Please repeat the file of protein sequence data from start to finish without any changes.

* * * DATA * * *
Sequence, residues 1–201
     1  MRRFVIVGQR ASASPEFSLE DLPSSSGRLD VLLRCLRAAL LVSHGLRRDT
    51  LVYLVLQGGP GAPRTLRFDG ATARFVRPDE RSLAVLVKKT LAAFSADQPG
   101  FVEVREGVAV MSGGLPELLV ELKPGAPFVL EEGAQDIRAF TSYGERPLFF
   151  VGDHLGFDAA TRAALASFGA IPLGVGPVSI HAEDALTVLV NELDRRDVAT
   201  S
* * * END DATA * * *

Sequence, residues 1–201
     1  MRRFVIVGQR ASASPEFSLE DLPSSSGRLD VLLRCLRAAL LVSHGLRRDT
    51  LVYLVLQGGP GAPRTLRFDG ATARFVRPDE RSLAVLVKKT LAAFSADQPG
   101  FVEVREGVAV MSGGLPELLV ELKPGAPFVL EEGAQDIRAF TSYGERPLFF
   151  VGDHLGFDAA TRAALASFGA IPLGVGPVSI HAEDALTVLV NELDRRDVAT
   201  S